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What does the Quran say about Islam and other religions?

Islam and other religions

Islam is a monotheistic religion, believing in One God, and is grouped as part of the Abrahamic religions. The Abrahamic religions are Judaism, Christianity and Islam, stemming from the descendants of Prophet Ibrahim (AS). Prophet Ibrahim is considered the father of the Arabs, with Judaism and Christianity from lineage of Prophet Isaac (AS), and Islam from lineage of Prophet Ismail (AS), both sons of Prophet Ibrahim (AS). These monotheistic religions believe that divine revelations were indeed sent down from God, to guide mankind. The Torah came down to the people of Israel, through Prophet Musa (AS). The Bible came to Prophet Isa (AS), as guidance for his people.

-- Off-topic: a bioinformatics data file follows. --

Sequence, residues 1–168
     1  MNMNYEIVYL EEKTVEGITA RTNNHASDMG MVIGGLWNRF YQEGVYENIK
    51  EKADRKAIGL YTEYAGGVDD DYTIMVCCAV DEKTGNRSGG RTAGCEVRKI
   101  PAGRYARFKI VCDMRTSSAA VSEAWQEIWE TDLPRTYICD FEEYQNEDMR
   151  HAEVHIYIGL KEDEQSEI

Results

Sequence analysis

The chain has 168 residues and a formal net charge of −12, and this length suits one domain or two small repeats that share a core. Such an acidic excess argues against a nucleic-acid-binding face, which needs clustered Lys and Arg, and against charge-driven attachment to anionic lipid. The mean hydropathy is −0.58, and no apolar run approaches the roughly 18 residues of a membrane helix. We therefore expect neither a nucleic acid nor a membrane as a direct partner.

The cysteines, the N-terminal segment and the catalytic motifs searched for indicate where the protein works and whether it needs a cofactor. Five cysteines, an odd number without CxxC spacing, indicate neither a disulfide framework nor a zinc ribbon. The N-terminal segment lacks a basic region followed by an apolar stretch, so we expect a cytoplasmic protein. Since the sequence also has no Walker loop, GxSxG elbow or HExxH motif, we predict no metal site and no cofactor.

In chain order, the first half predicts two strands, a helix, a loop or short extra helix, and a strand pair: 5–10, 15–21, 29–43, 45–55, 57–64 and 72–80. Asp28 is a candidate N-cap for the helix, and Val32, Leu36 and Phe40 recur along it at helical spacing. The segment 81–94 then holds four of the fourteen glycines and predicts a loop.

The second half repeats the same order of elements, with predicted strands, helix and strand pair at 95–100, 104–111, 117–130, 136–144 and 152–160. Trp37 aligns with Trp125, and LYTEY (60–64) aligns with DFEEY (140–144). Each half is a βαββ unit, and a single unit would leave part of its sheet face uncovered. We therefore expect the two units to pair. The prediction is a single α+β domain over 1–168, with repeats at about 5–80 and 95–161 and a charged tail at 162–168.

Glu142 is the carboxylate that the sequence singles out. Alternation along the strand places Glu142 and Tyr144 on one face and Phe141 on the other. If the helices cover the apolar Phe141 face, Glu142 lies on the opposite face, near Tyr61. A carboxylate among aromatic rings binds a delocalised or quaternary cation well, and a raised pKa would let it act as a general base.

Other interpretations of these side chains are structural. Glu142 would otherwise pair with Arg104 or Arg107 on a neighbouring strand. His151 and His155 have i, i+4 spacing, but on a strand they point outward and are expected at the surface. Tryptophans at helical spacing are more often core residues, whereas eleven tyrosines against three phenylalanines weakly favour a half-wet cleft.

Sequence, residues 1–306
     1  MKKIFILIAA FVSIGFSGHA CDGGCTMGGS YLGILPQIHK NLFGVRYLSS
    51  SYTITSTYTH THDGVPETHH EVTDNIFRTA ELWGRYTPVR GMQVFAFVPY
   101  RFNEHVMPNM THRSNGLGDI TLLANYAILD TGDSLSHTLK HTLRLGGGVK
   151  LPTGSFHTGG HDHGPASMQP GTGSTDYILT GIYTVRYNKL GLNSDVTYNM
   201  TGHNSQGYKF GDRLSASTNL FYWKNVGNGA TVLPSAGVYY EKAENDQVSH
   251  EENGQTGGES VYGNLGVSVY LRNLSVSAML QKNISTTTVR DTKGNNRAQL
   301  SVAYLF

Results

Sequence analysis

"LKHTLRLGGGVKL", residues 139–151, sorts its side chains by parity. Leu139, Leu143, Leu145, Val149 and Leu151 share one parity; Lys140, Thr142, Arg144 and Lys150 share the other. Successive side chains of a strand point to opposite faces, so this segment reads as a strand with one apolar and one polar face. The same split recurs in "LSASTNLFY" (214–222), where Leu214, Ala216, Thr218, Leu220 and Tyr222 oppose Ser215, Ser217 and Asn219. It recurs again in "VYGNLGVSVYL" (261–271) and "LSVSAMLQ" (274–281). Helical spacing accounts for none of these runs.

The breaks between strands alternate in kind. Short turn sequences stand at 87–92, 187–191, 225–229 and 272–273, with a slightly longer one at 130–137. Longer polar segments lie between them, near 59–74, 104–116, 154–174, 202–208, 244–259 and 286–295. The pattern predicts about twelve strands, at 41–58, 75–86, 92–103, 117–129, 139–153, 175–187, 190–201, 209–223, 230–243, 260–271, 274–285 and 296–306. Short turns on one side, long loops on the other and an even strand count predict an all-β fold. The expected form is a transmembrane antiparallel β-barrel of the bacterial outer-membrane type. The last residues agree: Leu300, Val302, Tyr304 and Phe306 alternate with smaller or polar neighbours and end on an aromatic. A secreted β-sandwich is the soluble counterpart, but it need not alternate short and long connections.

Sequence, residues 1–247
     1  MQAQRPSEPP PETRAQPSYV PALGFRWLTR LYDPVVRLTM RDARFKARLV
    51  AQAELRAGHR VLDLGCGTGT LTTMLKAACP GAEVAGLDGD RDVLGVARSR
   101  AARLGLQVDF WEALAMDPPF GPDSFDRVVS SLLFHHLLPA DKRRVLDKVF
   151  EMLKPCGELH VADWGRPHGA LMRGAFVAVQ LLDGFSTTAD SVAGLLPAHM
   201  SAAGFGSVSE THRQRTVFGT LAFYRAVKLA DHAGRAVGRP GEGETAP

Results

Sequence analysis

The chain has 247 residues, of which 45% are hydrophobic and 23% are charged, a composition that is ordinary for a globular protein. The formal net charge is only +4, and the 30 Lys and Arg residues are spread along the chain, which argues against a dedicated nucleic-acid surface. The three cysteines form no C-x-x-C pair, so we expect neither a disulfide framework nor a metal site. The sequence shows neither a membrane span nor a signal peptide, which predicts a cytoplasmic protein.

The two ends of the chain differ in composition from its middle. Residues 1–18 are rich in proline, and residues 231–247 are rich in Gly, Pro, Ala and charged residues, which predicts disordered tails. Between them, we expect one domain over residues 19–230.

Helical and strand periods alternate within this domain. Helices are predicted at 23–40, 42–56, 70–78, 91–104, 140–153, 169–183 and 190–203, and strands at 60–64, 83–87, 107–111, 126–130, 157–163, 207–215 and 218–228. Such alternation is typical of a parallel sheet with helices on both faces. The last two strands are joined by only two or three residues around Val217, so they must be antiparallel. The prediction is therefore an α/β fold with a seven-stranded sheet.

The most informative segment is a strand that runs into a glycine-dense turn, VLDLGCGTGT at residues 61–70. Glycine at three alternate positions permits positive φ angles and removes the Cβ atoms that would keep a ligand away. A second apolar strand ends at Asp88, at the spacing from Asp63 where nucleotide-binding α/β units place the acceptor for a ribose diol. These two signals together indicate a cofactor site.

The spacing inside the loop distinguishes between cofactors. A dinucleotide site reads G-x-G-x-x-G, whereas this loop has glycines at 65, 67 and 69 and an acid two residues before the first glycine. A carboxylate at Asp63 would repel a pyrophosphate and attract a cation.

These Holy Books had also foretold about the coming of a ‘final prophet’. The Quran and Islam came, as a continuation to the divine revelations, and to complete it.

“˹They are the ones who follow the Messenger, the unlettered Prophet, whose description they find in their Torah (Deut, xviii, 15) and the Injeel (Gospel) (John xiv, 16). He commands them to do good and forbids them from evil, permits for them what is lawful and forbids them what is impure, and relieves them from their burdens and the shackles that bound them. Only those who believe in him, honour and support him, and follow the light sent down to him will be successful.” – (Quran 7:157)

 

The Quran was first revealed to Prophet Muhammad (PBUH) in the month of Ramadan, around 609 CE in the Cave of Hira’. The revelations went on for 23 years, revealing stories about the past prophets, the proper guidance for mankind to conduct themselves and about the Hereafter.